Sunday, January 17, 2010


In 1980 Jer and I took an organized tour to Egypt and Israel, a tour arranged by American Express. We spent 6 days in Egypt, 2 days in Jordan and then a final 6 days in Israel. We had a great guide – a young French fellow named Louis (Lou-ee, he was called) and we felt comfortable under his shepherding.

Egypt was every bit as amazing as we anticipated. The reason Jordan was on the itinerary was because that is where the famous rose-colored city of Petra is located. From Amman it was a simple bus ride over the Allenby bridge and into Jerusalem, a distance as the crow flies of about 44 miles.

Before we got off the bus at the Israel border, Louie gave us a lecture. He said this would be the most important thing we heard during our time together. He advised that going through customs here will be a rigorous ordeal. He said safety is a primary concern of Israel and we will be asked to do things that may irritate us. He said when we go in the door, we are to put our bags on a table and will be asked to completely empty them of the contents. He said not to ask for exceptions to be made, do not be embarrassed, don’t crack jokes, don’t complain. He said the bags will be taken away and x-rayed to make sure there are no bombs or other such implements secreted in them somewhere. He said our clothing and makeup will be inspected, and when the bags come back we will be expected to repack them and set them at the door to be put on the bus. He said we would be body-searched and perhaps asked some questions. He told us this was not a social event, not to try to make chit-chat with the inspectors, and whether we do things like this in America is beside the point; in Israel this is what they do to maintain the safety of their people, their cities and their country.

We listened to Louis and we were a compliant group. It took a long time to accomplish, but that was not only because of the repacking. Jerry, being the only Jewish soul on the tour, was taken away to what he later said was an interrogation room and there he was questioned about his birth, his parents, his grandparents, his and their involvement in any Jewish activities in both the past and present, and then they looked up his family names in a big black book that sat on the shelves among dozens of other big black books. He did not ask why they were doing this. He answered their questions, and when the Israelis were satisfied they returned him to me. We then were cleared to board the bus. At no time did any of the 40 people on that tour make a wisecrack or issue a complaint. We did what was required of us, even if we didn’t like it.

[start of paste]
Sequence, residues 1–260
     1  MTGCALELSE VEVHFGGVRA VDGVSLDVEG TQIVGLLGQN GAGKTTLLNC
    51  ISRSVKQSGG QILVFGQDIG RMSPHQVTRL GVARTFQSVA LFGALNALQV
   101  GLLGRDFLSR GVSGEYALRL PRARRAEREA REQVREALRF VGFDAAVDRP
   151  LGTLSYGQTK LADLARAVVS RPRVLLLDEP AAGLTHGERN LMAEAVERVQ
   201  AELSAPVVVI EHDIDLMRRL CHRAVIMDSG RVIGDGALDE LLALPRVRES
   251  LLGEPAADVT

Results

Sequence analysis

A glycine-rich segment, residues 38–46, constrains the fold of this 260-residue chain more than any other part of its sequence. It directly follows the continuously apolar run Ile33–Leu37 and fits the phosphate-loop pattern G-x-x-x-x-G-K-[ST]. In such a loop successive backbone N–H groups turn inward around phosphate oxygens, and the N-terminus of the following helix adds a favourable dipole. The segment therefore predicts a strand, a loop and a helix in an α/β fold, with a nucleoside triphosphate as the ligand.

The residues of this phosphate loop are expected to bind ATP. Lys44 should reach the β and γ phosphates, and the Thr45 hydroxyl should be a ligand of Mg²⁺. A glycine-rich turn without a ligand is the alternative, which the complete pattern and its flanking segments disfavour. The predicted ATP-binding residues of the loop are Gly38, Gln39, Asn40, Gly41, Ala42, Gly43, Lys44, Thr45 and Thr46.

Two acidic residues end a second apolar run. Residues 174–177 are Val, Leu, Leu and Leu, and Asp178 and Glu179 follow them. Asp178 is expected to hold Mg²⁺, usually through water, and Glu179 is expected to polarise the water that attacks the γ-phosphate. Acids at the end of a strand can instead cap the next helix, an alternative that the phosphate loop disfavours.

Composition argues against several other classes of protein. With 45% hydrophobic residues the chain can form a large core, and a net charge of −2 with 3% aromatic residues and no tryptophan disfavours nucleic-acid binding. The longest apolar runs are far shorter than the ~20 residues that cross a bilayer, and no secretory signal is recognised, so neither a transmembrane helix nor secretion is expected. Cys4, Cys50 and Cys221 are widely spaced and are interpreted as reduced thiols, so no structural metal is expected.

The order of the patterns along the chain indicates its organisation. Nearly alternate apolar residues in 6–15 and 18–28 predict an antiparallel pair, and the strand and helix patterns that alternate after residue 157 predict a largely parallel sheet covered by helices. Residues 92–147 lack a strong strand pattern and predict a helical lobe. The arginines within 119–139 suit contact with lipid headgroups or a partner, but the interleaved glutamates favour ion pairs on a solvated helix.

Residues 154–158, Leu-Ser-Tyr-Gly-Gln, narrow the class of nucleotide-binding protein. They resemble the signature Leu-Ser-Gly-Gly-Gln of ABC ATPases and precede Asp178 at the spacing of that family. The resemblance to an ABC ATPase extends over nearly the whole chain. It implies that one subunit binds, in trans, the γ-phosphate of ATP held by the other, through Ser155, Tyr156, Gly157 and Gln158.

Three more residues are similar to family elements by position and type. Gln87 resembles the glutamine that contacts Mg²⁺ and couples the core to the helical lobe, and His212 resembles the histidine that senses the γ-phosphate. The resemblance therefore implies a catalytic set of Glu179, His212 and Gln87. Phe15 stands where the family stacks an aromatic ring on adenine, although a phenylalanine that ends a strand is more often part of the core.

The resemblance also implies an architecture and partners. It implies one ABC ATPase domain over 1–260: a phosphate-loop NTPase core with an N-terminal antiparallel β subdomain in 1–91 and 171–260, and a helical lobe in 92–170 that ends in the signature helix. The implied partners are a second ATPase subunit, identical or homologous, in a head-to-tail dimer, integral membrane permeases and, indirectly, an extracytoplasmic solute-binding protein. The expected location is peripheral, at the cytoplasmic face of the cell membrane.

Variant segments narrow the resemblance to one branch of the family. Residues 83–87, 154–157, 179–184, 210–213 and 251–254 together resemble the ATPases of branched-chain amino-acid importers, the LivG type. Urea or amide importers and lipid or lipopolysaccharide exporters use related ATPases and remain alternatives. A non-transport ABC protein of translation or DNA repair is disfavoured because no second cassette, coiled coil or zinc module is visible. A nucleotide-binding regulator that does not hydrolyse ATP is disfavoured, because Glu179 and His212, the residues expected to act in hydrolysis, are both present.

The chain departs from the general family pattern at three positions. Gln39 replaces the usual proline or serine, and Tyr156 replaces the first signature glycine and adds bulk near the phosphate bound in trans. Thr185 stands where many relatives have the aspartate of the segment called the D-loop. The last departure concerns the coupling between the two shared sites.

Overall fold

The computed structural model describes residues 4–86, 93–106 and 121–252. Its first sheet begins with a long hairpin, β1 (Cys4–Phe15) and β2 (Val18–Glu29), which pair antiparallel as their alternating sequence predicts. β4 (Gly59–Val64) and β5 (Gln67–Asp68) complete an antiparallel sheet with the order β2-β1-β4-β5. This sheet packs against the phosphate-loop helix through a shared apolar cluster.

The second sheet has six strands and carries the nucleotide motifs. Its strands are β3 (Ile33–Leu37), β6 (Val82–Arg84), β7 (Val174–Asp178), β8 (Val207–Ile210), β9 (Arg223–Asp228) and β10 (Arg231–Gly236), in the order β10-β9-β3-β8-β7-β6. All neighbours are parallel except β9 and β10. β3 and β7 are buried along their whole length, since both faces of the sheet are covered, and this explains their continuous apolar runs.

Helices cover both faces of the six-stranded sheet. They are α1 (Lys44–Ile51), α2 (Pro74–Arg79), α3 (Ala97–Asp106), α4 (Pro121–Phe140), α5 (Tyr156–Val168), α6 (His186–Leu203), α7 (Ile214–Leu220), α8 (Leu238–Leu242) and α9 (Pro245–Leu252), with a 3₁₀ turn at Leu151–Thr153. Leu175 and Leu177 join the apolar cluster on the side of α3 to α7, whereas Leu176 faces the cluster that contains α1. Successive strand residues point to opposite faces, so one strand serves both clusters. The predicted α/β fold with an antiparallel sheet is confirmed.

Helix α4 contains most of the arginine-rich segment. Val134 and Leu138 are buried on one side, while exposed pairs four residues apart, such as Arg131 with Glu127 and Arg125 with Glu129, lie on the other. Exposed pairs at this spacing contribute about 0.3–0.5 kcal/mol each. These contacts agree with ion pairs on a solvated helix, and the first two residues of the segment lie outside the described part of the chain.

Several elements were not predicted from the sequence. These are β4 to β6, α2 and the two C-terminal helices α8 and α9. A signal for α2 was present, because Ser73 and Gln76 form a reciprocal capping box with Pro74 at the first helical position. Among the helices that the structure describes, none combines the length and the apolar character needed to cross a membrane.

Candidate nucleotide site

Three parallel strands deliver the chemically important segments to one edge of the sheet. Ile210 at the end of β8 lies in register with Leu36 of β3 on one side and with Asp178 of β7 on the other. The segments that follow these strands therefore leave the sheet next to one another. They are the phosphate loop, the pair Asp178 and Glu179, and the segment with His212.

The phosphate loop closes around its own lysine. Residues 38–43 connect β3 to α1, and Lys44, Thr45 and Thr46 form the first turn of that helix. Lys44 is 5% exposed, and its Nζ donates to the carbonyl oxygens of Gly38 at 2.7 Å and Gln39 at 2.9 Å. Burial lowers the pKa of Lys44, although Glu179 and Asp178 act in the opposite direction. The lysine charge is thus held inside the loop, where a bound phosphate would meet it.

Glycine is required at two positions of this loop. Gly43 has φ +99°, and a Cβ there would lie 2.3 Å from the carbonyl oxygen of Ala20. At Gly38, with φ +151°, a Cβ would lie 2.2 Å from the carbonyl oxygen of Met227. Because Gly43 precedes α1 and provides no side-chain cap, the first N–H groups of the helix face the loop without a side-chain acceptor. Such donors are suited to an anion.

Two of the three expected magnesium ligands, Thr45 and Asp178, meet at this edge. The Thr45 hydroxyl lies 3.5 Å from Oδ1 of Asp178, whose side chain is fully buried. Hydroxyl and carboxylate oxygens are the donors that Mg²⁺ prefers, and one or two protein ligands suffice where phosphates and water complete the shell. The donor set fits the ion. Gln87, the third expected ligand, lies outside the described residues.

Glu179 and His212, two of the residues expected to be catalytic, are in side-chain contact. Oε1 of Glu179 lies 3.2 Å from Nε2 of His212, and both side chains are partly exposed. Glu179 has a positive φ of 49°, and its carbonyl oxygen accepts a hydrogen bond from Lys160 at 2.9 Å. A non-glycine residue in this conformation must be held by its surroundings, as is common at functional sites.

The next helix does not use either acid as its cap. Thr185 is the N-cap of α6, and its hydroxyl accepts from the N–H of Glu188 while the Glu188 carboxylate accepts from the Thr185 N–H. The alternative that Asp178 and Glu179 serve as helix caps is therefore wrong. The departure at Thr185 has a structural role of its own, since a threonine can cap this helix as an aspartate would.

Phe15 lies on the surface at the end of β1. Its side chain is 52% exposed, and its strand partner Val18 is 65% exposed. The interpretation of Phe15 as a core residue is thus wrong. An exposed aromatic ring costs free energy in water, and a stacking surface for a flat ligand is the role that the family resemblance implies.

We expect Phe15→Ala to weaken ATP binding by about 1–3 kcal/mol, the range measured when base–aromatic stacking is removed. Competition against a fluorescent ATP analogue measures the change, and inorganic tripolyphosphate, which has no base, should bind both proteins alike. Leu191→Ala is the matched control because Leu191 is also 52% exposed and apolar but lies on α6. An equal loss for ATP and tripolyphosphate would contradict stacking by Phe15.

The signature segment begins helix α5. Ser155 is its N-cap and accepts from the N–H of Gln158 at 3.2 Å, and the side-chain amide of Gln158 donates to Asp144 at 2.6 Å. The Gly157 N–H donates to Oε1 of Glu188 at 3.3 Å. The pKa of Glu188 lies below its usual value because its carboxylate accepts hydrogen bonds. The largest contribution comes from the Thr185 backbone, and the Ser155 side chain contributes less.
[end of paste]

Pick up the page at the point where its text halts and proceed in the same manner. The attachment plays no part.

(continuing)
Writer Thomas Sowell in a trenchant op-ed piece this week says this: “We have become so obsessed with political correctness that both common sense and self-preservation have to take a back seat. We don’t dare “profile” anybody going through security checks because that’s not politically correct. Far better to be blown to smithereens than to be politically incorrect.” Sowell is a political conservative and mostly says things I disagree with. But I think he hits the nail on the head in this piece.

He ends by saying, “Terrorists are not covered by the Geneva Conventions for the simple reason that they do not abide by the Geneva Conventions. They are enemy combatants and you do not turn enemy combatants loose to go back to killing Americans while the war is still on – not if you are being serious, as distinguished from being political or ideological."

I understand the need for political correctness, and I think even in its extremity it helps us become more sensitive people and more aware of the reasons that passing time requires changes. But I don’t think one needs to be stupid about its application. We need to be willing to “turn the other cheek” on this one!

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